Yale University researchers have come up with a new method that not only delivers a sustained dose of immune system booster, but also releases a chemical to counter cancer's secretions.
This resulted in a powerful therapy that delayed tumour growth, sent tumours into remission and dramatically increased survival rates in mice.
Cancers are notorious for secreting chemicals that confuse the immune system and thwarting biological defences.
To counter that effect, some cancer treatments try to neutralize the cancer's chemical arsenal and boost a patient's immune response-though attempts to do both at the same time are rarely successful.
The new immunotherapy incorporates well-studied drugs, but delivers them using nanolipogels (NLGs), a new drug transport technology the researchers designed.
The NLGs are nanoscale, hollow, biodegradable spheres, each one capable of accommodating large quantities of chemically diverse molecules.
The spheres appear to accumulate in the leaky vasculature, or blood vessels, of tumours, releasing their cargo in a controlled, sustained fashion as the spherule walls and scaffolding break down in the bloodstream.
For the recent experiments, the NLGs contained two components: an inhibitor drug that counters a particularly potent cancer defense called transforming growth factor-B (TGF-B), and interleukin-2 (IL-2), a protein that rallies immune systems to respond to localized threats.
"You can think of the tumour and its microenvironment as a castle and a moat," Tarek Fahmy, the study leader from Yale University, said.
"The 'castles' are cancerous tumours, which have evolved a highly intelligent structure-the tumour cells and vasculature. The 'moat' is the cancer's defense system, which includes TGF-B.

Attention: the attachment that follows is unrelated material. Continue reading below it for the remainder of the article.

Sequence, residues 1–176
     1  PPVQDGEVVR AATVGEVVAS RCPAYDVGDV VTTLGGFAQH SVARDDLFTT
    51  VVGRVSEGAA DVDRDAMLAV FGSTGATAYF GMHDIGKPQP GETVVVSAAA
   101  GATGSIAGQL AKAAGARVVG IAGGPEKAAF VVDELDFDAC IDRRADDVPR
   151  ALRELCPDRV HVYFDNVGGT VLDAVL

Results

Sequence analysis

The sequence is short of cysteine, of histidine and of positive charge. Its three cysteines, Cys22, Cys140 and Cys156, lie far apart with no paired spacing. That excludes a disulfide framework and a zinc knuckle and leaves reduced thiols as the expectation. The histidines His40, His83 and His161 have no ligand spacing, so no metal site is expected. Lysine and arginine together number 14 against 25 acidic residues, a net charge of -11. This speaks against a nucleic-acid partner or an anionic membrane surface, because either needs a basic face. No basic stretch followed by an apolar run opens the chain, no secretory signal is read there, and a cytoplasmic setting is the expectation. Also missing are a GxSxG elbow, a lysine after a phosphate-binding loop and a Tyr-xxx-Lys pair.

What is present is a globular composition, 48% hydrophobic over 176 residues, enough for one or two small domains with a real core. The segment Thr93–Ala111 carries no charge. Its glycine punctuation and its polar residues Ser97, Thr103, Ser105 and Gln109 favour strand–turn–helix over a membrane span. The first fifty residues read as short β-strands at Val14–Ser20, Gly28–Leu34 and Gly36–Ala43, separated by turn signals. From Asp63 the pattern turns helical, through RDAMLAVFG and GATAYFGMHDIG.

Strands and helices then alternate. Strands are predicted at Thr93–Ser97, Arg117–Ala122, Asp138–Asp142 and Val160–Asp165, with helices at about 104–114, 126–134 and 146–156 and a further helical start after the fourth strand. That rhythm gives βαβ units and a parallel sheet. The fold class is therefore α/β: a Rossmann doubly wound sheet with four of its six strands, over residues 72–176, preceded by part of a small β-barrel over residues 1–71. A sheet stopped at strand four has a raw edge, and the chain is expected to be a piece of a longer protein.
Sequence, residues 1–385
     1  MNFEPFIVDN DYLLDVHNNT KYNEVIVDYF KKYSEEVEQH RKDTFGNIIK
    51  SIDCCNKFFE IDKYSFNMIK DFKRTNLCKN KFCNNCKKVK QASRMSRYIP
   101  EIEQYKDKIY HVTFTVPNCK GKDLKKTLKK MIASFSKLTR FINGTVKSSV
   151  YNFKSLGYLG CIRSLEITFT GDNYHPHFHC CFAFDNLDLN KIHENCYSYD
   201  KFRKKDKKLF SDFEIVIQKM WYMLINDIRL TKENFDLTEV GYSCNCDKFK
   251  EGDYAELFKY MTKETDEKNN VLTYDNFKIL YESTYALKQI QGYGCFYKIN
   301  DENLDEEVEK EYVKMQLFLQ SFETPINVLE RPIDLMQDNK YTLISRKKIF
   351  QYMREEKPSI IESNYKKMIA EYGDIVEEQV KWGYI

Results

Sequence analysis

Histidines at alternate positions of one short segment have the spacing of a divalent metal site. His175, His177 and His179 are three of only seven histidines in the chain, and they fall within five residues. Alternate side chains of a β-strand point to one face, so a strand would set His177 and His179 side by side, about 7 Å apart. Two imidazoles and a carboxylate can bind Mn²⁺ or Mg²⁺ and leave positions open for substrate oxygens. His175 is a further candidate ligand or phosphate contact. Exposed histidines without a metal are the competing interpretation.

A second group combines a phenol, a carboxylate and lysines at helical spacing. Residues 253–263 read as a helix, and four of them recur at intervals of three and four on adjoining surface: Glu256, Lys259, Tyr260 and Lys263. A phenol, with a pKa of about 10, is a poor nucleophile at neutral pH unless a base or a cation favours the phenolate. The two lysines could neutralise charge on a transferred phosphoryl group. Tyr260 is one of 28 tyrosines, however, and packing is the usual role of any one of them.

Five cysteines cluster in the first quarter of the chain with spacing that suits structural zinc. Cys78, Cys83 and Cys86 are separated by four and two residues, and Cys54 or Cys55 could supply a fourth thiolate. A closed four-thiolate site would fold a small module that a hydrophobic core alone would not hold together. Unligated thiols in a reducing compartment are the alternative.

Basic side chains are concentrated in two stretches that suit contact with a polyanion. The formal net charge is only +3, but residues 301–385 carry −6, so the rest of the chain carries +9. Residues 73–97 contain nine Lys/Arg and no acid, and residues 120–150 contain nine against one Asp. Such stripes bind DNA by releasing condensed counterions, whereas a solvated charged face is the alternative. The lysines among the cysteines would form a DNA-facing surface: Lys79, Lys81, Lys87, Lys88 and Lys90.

"Our strategy is to 'dry-up' that moat by neutralizing the TGF-B. We do that using the inhibitor that is released from the nanolipogels. The inhibitor effectively stops the tumour's ability to stunt an immune response," Fahmy said.
At the same time, the researchers boost the immune response in the region surrounding the tumour by delivering IL-2--a cytokine, which is a protein that tells protective cells that there is a problem-in the same drug delivery vehicle. The cytokine can be thought of as a way to get reinforcements to cross the dry moat into the castle and signal for more forces to come in," Fahmy said.
In this case, the reinforcements are T-cells, the body's anti-invader 'army'. By accomplishing both treatment goals at once, the body has a greater chance to defeat the cancer.
The current study targeted both primary melanomas and melanomas that have spread to the lung, demonstrating promising results with a cancer that is well-suited to immunotherapy and for which radiation, chemotherapy and surgery tend to prove unsuccessful, particularly when metastatic.
The researchers did not evaluate primary lung cancers in this study.
The study has been published in Nature Materials.